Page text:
Say What? Learner Reactions to Unexpected Agent Dialogue Moves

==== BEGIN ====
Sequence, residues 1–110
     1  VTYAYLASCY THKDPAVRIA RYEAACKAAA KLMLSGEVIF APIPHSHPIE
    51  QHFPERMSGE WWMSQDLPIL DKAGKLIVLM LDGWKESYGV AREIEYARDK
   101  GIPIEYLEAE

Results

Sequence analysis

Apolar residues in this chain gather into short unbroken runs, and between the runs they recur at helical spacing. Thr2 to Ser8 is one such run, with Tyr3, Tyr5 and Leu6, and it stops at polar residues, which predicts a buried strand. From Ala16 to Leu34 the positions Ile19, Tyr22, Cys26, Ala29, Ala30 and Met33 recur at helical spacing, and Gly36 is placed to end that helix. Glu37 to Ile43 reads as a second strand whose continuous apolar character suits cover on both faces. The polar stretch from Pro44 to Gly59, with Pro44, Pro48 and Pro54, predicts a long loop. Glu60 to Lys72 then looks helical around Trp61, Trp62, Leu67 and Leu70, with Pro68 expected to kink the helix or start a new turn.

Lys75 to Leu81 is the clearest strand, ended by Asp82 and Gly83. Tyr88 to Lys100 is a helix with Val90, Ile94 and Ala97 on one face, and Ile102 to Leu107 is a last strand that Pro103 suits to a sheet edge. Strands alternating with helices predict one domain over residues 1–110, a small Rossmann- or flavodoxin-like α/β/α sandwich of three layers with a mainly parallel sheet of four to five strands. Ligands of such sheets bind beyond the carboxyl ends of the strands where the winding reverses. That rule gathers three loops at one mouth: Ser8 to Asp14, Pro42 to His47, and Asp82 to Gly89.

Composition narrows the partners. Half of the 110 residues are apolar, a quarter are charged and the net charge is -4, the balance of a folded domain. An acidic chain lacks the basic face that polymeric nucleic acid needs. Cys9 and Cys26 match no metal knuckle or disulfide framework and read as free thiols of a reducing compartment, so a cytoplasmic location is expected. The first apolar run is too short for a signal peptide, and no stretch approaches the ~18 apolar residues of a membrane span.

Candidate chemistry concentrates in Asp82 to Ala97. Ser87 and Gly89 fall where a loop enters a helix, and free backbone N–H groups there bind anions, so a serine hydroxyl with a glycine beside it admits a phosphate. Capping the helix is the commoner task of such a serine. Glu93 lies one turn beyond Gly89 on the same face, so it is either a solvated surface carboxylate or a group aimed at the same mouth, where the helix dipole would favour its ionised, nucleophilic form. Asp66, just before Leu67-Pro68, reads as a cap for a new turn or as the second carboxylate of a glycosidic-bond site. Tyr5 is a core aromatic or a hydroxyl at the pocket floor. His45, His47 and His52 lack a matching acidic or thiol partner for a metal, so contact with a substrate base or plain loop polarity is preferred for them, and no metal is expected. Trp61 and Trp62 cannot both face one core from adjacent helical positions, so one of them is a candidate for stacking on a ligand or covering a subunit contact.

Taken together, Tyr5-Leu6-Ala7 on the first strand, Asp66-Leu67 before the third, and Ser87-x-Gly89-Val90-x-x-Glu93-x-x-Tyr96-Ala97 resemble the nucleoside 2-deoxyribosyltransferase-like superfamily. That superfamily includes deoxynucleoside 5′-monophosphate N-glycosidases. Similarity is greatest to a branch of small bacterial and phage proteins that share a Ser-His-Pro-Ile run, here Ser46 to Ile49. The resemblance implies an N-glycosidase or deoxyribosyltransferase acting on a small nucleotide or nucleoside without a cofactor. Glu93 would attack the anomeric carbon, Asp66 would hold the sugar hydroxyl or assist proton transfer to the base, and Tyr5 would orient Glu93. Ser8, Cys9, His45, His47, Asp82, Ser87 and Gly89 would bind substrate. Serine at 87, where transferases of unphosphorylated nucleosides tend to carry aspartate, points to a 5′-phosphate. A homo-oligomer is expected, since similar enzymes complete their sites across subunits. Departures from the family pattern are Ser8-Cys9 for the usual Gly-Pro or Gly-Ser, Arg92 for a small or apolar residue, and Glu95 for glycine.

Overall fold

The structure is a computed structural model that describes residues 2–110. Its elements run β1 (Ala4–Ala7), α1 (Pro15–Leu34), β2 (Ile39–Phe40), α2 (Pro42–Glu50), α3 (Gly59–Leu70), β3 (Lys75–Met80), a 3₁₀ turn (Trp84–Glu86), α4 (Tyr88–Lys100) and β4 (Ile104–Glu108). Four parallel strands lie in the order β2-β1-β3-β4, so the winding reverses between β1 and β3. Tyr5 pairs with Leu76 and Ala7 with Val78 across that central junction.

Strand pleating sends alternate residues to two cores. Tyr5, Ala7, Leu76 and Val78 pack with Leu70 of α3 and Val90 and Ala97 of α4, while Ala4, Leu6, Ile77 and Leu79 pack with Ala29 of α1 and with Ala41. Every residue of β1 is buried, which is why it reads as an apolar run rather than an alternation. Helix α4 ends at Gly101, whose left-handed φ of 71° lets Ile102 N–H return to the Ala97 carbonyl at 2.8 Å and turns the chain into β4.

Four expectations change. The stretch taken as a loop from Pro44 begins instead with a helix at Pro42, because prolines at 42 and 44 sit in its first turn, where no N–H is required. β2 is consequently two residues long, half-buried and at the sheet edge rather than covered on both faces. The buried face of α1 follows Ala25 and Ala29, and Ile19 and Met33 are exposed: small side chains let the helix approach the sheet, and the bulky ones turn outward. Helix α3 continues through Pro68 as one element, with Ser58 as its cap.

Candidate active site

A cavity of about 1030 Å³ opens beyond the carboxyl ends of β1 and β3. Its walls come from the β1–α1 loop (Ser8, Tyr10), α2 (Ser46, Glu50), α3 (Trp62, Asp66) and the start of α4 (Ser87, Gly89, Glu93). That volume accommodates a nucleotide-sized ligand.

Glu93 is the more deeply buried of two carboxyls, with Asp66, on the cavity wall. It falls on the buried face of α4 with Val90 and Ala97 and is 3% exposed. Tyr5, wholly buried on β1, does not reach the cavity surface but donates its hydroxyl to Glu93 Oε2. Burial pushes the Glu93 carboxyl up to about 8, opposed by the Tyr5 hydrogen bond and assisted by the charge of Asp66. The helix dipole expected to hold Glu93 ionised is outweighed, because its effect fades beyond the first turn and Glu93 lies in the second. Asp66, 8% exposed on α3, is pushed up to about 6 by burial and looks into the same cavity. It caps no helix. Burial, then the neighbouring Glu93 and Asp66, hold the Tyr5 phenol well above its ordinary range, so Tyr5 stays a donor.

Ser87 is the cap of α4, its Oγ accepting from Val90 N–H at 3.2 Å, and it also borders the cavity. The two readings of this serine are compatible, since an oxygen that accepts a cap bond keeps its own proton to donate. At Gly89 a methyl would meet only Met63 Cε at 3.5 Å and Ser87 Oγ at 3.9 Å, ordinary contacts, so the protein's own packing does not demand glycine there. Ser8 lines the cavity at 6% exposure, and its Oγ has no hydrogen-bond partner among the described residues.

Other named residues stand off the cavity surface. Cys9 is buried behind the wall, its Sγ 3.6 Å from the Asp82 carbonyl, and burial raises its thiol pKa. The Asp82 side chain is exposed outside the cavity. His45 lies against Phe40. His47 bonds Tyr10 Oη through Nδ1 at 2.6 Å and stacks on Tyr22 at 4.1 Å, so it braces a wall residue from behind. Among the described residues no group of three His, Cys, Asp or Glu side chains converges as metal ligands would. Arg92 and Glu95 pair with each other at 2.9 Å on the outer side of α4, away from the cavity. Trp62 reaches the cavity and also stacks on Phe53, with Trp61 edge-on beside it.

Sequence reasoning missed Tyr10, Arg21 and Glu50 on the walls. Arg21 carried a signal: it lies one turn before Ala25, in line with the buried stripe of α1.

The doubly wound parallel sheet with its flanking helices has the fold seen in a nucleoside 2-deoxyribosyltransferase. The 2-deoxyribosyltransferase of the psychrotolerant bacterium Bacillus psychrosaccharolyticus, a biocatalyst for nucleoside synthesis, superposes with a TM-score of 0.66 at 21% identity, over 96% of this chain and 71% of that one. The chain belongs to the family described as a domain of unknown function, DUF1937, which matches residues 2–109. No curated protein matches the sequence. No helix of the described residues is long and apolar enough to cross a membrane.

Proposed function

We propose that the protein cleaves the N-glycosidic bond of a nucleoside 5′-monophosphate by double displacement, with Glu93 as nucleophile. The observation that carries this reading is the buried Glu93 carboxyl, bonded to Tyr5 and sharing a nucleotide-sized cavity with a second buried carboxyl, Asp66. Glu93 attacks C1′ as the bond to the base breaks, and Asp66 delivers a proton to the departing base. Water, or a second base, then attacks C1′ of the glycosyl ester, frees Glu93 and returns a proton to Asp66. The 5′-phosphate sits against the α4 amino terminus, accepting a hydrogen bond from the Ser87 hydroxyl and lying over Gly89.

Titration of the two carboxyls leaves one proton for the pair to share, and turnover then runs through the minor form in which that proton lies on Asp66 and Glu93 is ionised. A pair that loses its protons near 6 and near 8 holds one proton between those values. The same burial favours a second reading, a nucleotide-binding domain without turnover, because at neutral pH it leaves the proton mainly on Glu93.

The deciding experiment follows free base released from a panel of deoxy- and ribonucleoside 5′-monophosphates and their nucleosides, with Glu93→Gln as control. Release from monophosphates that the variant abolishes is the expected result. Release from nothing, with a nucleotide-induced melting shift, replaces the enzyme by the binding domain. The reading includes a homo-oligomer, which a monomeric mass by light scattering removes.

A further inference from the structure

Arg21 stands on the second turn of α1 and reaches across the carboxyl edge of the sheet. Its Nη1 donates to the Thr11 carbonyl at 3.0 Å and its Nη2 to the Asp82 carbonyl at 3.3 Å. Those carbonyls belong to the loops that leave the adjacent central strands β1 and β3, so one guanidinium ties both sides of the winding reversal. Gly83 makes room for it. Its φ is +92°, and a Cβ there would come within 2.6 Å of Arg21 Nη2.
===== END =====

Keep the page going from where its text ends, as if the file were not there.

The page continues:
For maximally efficient and effective conversation-based intelligent tutoring systems, designers must understand the expectations carried by their intended learners. Strategies programmed into the agents may be interpreted differently by the learners. For example, conversational heuristics in these systems may be biased against false alarms in identifying wrong answers (potentially accepting more incorrect answers), or they may avoid directly answering learner-generated questions in an attempt to encourage more open-ended input. Regardless of pedagogical merit, the learner may view these agents’ dialogue moves as bugs rather than features and respond by disengaging or distrusting future interactions. We test this effect by orchestrating situations in agent-based instruction of electrical engineering topics (through an intelligent tutoring system called AutoTutor) where the pedagogical agent behaves in ways likely counter to learner expectations. To better understand the learning experience of the user, we then measure learner response via think-aloud protocol, eye-tracking, and direct interview. We find that, with few exceptions, learners do not reason that the actions are meant as instructional or technical strategies, but instead broadly understood as errors. This indicates a need for either alteration of agent dialogue strategies, or else additional (implicit or explicit) introduction of the strategies to productively shape learners’ interactions with the system.